Ten European champions who will never reach those heights again because of closed shop

John Nicholson
Ajax forward Johan Cruyff, Porto manager Jose Mourinho and Nottingham Forest player Larry Lloyd
Get ready to hear a lot about the 1970s

Real Madrid and Dortmund have been European champions before and will always be somewhere around that conversation. This lot once were but won’t again.

As the Champions League features the same teams every season, the elite hardens into the same old sides. And everyone pretends it’s sustainable or even desirable. But it wasn’t always like this.

Here are 10 clubs that have been European champions and never will again.


Steaua București (1985/86)
The most successful club from Romania. That counts for little now. They won the European Cup before it was the Champions League. They beat Barcelona on penalties, Helmuth Duckadam saving all four of their kicks, after a 0-0 draw. Along the way they beat Hungary’s Honved who once had a good reputation as one of Europe’s famous old clubs and where Ferenc Puskás played. They also beat Danish side Vejle, the only Danish club to develop a European Footballer of the Year winner in Allan Simonsen in 1977.

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PSV Eindhoven (1987/88)
They were victorious over Benfica back when it was that most unpredictable and therefore most unwanted thing: a complete knockout tournament. They were 6-5 winners on pens after drawing 0-0. They beat Galatasaray, Rapid Wien, Bordeaux and Real Madrid. They were managed by Guus Hiddink and had Ronald Koeman in the first team, with Ruud Gullit recently on the books.


Red Star Belgrade (1990/91)
English clubs were still banned from Europe. They won 5-3 on penalties against a possibly corrupt Marseille, again after a 0-0. They beat Rangers along the way and were the last East European club to win the big European trophy – the first and only Yugoslavian team to do so.


Celtic (1966/67)
They were a European powerhouse at the time and won every competition they entered
. They were the first club to win the European Treble and remain the only club to win the Scottish Quadruple. Along the way they beat FK Vojvodina from Serbia in the quarter-final and Zurich 5-0. This was the ‘Lisbon Lions’, all born within 30 miles of Glasgow. They beat Inter Milan 2-1 in the final.


Ajax (1970-73)
The reason why they still feel like a big European club. They won three titles consecutively led by Johan Cruyff with manager Rinus Michels. They beat Celtic in the quarter-final and Panathinaikos in the final in 1970, Inter in 1971 and Juventus in 1972. They were an astonishing, revolutionary side who swept all before them for three years. They were like nothing else in that they played Total Football. It was new. In 1972 they beat CSKA 6-1 and absolutely shredded them in one of the great European performances. It’s always dangerous to compare eras but Ajax would be a great modern side and Cruyff was an absolute dancer without equal.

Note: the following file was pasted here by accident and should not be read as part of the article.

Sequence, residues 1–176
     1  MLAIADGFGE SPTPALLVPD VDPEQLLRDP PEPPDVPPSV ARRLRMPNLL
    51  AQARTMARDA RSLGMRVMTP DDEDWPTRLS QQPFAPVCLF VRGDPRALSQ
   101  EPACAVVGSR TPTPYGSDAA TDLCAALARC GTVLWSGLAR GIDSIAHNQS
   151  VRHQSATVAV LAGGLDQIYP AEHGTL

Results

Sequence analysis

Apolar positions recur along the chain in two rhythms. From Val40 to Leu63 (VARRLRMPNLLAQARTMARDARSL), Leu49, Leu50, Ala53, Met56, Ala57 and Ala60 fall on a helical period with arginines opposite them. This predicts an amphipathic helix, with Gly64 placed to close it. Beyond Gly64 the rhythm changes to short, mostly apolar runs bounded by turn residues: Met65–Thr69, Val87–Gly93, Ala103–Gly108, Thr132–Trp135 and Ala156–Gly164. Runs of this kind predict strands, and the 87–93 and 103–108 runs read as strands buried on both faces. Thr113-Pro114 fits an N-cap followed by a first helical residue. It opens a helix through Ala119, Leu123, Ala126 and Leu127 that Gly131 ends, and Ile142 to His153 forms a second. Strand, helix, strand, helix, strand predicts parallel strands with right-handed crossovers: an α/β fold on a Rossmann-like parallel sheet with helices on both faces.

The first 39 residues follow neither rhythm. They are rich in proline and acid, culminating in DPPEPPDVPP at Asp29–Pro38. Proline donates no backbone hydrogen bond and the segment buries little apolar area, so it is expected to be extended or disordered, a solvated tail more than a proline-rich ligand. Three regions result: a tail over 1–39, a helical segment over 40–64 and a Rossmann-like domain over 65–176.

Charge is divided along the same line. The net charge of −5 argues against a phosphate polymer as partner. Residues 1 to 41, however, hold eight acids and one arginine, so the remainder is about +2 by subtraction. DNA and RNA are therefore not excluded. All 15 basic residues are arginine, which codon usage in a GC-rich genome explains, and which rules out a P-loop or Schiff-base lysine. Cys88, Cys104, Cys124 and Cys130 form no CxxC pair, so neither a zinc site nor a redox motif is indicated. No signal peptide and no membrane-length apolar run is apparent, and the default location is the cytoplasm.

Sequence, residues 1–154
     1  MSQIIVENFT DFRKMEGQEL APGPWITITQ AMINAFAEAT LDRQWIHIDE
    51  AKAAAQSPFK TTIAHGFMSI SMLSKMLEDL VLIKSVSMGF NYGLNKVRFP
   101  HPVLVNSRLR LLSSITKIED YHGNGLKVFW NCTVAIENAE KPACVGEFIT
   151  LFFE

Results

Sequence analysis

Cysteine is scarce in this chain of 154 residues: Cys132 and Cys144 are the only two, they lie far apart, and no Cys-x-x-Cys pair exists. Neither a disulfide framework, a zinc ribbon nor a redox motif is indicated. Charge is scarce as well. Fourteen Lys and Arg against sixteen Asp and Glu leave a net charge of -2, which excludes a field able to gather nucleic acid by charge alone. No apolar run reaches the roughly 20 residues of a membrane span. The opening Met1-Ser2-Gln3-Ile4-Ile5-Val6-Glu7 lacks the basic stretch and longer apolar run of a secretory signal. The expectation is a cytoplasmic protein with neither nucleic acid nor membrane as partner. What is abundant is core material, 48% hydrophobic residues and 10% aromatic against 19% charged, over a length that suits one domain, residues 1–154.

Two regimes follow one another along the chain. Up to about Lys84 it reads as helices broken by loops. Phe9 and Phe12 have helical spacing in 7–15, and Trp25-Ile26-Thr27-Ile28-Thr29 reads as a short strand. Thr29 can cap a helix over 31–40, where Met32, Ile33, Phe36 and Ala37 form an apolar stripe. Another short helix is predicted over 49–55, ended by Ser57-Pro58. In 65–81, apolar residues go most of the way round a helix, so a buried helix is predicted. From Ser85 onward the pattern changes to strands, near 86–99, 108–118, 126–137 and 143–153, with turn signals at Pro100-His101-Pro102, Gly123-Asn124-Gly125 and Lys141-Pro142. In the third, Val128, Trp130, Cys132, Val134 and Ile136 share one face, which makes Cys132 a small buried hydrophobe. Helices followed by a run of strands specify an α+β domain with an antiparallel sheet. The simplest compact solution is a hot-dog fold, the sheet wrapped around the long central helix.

Nottingham Forest (1978-80)
For a couple of years, Forest were one of the best clubs in Europe, after getting promoted from the second division, twice winning the European Cup, the First Division (also finishing as runners-up) two League Cups and even the Anglo-Scottish league. They famously beat Liverpool 2-0 on the way to their first trophy. They were free-scoring, racking up 19 goals in 1978-79 tournament.


Hamburg (1982/83)
Beat Juventus by the odd goal in a golden period when they went unbeaten for a whole year. Felix Magath played for them. Ernst Happel was the manager. They broke the English clubs’ six-year dominance and also won the Bundesliga. It was a golden period for the club.


Porto (2003/04)
Came second to Real Madrid in the group stage and were very much the underdogs. Beat Manchester United (scoring in the last minute to draw 1-1 and win 3-2 on aggregate), Lyon, Deportivo La Coruña and then Monaco 3 – 0 in the final. So shocking was their victory that it made a star of their manager, some fella called Jose Mourinho. They had beaten Celtic in the previous year’s UEFA Cup final. It was the last time an unfancied club that wasn’t a big side would win it, as I’m sure Jose knows only too well.


Benfica (1960-62)
At the dawn of the 1960s they won it twice, beating Barcelona 3-2, then Real Madrid 5-3 with Puskas scoring a hat-trick for Real. The second time, they beat the Spurs Double winners in the semi-final 4-3 on aggregate. In 1960 Spurs were victorious over Górnik Zabrze 8-1, 10-5 on aggregate. From 1961 the team included the legend that was Eusebio and were a huge European force at the time.


Feyenoord (1969/70)
Beat Milan in the quarter-final and were victorious over Celtic, 2-1 after-extra time, who in turn had beaten Leeds in the semi-final. They had beaten Icelandic club and copy-paste enthusiasts Knattspyrnufélag Reykjavíkur 16-2 on aggregate. They were the first Dutch club to win the trophy and this was a title-winning golden period for the club.

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